When I capsized the boat, I saw bubbles vigorously coming out of the aft buoyancy compartment from at least two places. I figured I might install a hatch in that compartment to access it from inside and find and repair the leaks without disturbing the varnish on the outside. On closer inspection, I had a much more serious problem than I thought. The entire bulkhead support had broken free from the bottom of the boat from one side to the other in what must have been some kind of impact event. This wasn't a bonding failure. It tore the wood apart in places. What happened remains a mystery, but after consulting with the brain trust in the GIS group, I decided to dig out the crack a bit with the saw blade on my Fein Multimaster and then repair it from both inside and outside.
On the front side, I spread liquid epoxy around the area, pushing it into the crack with a brush, then ran a fillet of epoxy with structural filler along the seam, again pushing the putty into the crack. I had a couple of scraps of diagonal bias cut glass cloth left over from the daggerboard job and laid them over the crack to further reinforce it. I cut one of them on the wrong side of the Sharpie pen line, so now a black line is a permanent part of the boat. Oh well, it's not the only cosmetic flaw on this Goat!
To access the buoyancy compartments through the seat tops, I bought a 10 inch round Armstrong deck plate for the bow compartment and a 10 by 20 inch rectangular plate for the aft one. Starting with the bow one, I used a scrap shim to draw the circle for cutting.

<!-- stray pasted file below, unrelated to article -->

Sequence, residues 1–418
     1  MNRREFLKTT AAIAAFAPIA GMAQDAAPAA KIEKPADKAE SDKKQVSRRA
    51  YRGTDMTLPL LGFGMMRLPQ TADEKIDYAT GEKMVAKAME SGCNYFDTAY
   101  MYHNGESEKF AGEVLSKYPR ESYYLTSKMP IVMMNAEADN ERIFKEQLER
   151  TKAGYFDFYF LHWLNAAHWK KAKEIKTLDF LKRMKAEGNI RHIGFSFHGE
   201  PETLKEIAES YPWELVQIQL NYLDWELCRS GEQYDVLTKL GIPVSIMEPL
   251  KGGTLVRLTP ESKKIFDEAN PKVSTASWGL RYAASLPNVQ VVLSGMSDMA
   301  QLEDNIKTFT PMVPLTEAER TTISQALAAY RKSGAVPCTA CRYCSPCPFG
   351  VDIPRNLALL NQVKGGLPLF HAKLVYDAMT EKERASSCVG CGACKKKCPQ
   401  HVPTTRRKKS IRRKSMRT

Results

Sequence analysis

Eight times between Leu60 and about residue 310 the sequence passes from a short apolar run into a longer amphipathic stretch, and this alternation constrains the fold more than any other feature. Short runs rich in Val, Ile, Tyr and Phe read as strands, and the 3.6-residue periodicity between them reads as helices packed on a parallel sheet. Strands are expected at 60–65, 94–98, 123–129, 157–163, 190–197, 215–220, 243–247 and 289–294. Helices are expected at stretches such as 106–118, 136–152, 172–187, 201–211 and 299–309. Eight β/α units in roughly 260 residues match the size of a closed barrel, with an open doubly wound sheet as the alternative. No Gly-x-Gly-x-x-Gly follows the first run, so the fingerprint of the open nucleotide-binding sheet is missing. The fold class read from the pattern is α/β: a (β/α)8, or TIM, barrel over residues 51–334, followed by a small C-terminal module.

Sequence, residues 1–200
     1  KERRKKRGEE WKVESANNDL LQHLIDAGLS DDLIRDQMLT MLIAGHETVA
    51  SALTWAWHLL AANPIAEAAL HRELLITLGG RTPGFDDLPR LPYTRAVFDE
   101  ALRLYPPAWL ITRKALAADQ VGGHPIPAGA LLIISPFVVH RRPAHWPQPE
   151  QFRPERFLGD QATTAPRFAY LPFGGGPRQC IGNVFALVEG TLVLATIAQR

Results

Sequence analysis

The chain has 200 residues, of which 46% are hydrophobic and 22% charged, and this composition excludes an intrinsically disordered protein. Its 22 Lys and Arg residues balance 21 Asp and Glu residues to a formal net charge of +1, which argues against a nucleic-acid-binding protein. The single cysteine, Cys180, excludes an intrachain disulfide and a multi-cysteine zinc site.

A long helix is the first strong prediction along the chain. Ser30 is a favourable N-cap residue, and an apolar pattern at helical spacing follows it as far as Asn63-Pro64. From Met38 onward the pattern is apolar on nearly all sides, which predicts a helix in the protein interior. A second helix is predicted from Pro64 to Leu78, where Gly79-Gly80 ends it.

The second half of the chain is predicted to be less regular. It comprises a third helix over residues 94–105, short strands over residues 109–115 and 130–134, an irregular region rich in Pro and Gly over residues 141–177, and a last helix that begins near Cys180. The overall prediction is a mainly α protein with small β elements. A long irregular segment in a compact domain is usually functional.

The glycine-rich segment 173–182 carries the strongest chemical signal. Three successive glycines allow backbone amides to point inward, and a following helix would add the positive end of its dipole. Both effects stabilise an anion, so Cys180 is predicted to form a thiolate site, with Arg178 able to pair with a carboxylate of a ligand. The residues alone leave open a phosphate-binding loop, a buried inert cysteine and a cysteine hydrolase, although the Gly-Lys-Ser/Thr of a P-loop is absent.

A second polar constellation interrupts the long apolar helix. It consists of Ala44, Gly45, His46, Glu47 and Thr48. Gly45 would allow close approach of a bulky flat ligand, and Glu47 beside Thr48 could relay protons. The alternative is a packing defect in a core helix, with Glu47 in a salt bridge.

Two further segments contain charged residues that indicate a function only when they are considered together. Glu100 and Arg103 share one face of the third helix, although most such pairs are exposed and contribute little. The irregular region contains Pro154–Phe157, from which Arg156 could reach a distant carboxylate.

The Armstrong plates have no hatch frame. They sit directly on the smooth deck and are pulled tight by clamps that underhang the deck edges. The picture at left shows test fitting the 10 inch circular plate in the bow compartment deck.
Cutting out the deck for the forward hatch resulted in slicing through a reinforcing stringer that runs down the center of the deck. The Armstrong hatch relies on the deck being stiff to maintain a good seal. It was still stiff along its aft edge, where it was near to the bulkhead, but was too flexible along the port and starboard edges and at the front edge. As the picture at right shows, the nearest vertical support was almost a foot forward of the hole, too far to keep it stiff.
I used some scraps to create another vertical column near the edge of the hole, copying the design of the existing one.